Quirky guy extraordinaire Leron Thomas yesterday dropped a new project called ..Take It. You might recognize him from his guest vocal appearance at the recent Gilles Peterson set at Le Poisson Rouge in NYC this past October. Or maybe you remember the peculiar clown themed video we shared with you not so long ago? Either way, there's a lot more where that came from. For yet another taste of the antics, watch the Appear To Stack video above. Retro party vibes mixed in with some bizarre cameos that'll permeate your conscience something serious. Be ready for it. www.giantstep.net, 1/4/13
When Leron Thomas’ mum was in the queue for the ‘bestowment of gifts onto new born child’, she was handed a few. Which makes a Leron Thomas an anomaly. The talented trumpet, composer, vocalist and lyrist creates a strange but wonderful concoction of music that spans a range of genres. While you can never be quite sure what you are going to get, you can rest assured knowing the consistency is in the quality. According to Leron’s bio he has been establishing his musical career working alongside the likes of Robert Glasper, Micheal Stipe, Lauryn Hill and Mos Def. His solo efforts have received the recent co-sign from Giles Peterson, who featured him on Brownswood Bubblers Eight. Leron also likes to dabble on the visual side of things. Retro video mash-up edits Old Friends, featuring clown faced youngsters who veer more on the side of Stephen King’s It than the playful children’s party variety. Steph McLaren - letsbebrief.co.uk, 11/30/12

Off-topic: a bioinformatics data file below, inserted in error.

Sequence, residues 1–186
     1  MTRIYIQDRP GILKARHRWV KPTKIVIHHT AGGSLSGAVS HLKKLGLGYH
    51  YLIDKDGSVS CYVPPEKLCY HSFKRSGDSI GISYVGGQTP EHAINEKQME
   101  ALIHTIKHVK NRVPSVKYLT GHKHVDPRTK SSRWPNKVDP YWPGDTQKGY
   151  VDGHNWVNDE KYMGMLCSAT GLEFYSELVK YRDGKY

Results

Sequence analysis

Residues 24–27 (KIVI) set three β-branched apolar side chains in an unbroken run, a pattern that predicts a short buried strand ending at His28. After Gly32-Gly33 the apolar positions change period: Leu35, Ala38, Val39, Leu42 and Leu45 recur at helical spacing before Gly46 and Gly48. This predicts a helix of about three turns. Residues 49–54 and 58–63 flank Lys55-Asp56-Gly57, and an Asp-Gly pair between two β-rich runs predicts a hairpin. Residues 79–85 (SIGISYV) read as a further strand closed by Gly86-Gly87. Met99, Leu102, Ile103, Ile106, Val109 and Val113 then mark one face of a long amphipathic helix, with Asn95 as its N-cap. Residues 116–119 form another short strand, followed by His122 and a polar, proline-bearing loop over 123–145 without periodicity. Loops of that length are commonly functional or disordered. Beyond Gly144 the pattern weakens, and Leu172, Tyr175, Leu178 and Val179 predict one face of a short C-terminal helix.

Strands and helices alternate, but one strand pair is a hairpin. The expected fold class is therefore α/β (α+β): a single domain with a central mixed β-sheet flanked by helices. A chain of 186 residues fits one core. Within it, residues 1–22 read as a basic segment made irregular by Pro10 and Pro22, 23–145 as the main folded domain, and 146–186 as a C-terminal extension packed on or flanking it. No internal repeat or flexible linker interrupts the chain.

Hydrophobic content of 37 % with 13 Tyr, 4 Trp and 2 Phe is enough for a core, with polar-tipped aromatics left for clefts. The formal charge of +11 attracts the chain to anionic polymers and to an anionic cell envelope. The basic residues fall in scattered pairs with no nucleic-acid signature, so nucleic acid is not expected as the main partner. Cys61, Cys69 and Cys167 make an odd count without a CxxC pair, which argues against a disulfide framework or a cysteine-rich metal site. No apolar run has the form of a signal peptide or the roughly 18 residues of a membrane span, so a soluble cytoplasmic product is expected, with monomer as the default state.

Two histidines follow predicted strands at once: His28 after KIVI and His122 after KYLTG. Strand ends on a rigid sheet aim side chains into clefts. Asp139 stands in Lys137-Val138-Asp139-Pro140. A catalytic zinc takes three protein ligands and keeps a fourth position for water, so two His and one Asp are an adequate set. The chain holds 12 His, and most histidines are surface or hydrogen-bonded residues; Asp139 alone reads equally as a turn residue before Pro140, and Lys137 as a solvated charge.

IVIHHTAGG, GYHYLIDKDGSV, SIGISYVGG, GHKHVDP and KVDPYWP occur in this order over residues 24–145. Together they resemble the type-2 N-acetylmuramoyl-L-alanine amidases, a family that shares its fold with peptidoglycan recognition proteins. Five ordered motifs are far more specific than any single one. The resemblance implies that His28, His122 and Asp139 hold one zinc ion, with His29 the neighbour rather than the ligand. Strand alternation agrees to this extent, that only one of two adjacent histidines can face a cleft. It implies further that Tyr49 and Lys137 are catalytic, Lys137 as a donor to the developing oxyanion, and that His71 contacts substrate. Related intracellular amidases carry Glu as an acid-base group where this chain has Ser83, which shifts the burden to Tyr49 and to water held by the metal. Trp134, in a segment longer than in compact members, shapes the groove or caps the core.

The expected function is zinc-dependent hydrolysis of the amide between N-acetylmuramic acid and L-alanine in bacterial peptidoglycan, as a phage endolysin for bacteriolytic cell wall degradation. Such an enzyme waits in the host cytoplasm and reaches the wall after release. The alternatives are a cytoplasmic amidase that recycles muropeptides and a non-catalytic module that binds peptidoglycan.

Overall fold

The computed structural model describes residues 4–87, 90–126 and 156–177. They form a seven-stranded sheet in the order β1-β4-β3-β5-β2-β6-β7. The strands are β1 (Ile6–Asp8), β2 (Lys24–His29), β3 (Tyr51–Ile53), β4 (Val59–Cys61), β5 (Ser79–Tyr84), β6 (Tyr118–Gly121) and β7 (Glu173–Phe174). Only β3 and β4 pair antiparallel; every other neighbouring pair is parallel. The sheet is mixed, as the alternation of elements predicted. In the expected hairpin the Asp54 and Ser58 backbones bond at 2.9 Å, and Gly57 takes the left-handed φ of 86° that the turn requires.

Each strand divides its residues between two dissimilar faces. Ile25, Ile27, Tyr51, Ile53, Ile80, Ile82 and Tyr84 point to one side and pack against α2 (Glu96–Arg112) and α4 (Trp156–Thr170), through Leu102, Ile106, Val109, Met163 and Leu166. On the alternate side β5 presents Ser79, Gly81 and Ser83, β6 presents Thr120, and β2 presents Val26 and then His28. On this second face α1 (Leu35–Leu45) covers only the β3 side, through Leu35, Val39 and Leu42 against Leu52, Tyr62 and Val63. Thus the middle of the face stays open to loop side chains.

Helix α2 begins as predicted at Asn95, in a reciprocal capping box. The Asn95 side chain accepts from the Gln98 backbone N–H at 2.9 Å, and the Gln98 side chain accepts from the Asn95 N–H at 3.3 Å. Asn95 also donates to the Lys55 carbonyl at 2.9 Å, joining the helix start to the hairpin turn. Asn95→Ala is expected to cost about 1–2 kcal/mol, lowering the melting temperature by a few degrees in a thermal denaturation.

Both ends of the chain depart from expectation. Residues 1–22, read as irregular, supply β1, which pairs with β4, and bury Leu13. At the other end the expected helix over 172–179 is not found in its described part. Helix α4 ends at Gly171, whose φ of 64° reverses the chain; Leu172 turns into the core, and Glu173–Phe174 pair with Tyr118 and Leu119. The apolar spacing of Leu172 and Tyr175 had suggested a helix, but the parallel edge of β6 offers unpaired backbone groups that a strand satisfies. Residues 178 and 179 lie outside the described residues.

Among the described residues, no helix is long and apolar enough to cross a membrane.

Musician and vocalist Leron Thomas takes a leading role with producing and editing his new video for “Old Friends”. The evocative and performative song is coupled with an eerie video montage of vintage school clips and really eerie, creepy clown painted children. www.giantstep.net, 11/15/12